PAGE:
Wet weather delays harvest for Southeastern Wisconsin farmers

NOW: Wet weather delays harvest for Southeastern Wisconsin farmers

MENOMONEE FALLS, Wis. (CBS 58) -- Farmers are cleaning up after this weekend's wet weather.

Rain, in moderation, can be a good thing for crops and soil.

A Menomonee Falls produce farmer told CBS 58 this downpour was just a little too much and too late.

Farmer Kathy Nedved owns Healthy Harvest Farm, a nonprofit that grows produce for Feeding America Eastern Wisconsin. 

She walked into work Monday morning to find her farm in need of some major clean-up. 

"The rain was heavier than I've ever seen it," Nedved said. "We got in (the hoop house), and it was just a couple of inches of water sitting on the floor."

The Menomonee Falls area got more than four inches, according to the Community Collaborative Rain, Hail and Snow Network. 

Nedved said there were between two to three inches in buckets on her farm.

She said the rainfall would have been more welcomed earlier this summer.

"If we would have gotten it in July or August, it would have been great, but we're at the end of the season. So now we've got a field with produce that we need to pick and it's muddy and we can't get in there," Nedved said.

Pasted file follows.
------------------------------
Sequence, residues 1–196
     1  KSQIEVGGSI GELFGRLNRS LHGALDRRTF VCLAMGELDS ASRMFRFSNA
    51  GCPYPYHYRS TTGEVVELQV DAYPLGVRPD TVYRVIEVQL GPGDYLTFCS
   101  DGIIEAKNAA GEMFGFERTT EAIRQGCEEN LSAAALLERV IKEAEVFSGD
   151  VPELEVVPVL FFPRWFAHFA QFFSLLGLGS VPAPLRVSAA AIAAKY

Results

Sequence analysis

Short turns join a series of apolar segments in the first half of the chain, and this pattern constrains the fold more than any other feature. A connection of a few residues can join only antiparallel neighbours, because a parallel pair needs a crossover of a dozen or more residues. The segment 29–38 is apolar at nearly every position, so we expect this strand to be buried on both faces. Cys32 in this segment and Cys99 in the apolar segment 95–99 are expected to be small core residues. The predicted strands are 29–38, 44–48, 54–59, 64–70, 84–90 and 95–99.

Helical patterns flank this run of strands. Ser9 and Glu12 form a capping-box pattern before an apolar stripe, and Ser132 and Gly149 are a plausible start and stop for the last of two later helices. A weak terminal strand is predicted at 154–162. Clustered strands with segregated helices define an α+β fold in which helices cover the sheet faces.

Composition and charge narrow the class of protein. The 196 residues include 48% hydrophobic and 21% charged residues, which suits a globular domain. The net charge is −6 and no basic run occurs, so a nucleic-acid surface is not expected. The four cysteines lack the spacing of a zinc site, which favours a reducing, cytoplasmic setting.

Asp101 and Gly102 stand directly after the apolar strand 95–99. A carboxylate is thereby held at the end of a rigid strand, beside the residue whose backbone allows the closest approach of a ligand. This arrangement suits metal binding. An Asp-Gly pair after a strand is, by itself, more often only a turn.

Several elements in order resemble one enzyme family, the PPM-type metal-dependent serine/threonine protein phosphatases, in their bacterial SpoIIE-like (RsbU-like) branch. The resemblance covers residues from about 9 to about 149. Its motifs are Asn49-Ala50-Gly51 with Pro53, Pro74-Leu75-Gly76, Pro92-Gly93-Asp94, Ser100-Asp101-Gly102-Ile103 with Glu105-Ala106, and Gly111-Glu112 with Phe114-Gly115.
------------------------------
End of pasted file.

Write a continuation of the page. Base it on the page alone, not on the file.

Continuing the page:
Nedved said she needed to pick crops on Monday, including beans and zucchini.

"I started walking down here earlier today, just to get to the beans to pick, and I went about six inches down and I quickly back-tracked," Nedved said.

Instead, she spent the day trying to dry all of the water in the hoop house up. 

"We had to buy woodchips and we're trying to put them down to help at least absorb some of the water," Nedved said.

Nedved predicted it will take about four or five days before the ground dries out enough to pick the crops and prepare for winter. 

By then, she said some of the produce that is ready for harvest now will no longer be good.

"We're going to have a little bit of loss," Nedved said.

At the end of the day, Nedved remains positive, knowing there's not much that could have been done to prevent the situation. 

"It's Mother Nature. When you're in the farming business, you take what you get. You got some good days, you get some bad days, and that's what it is," Nedved said.

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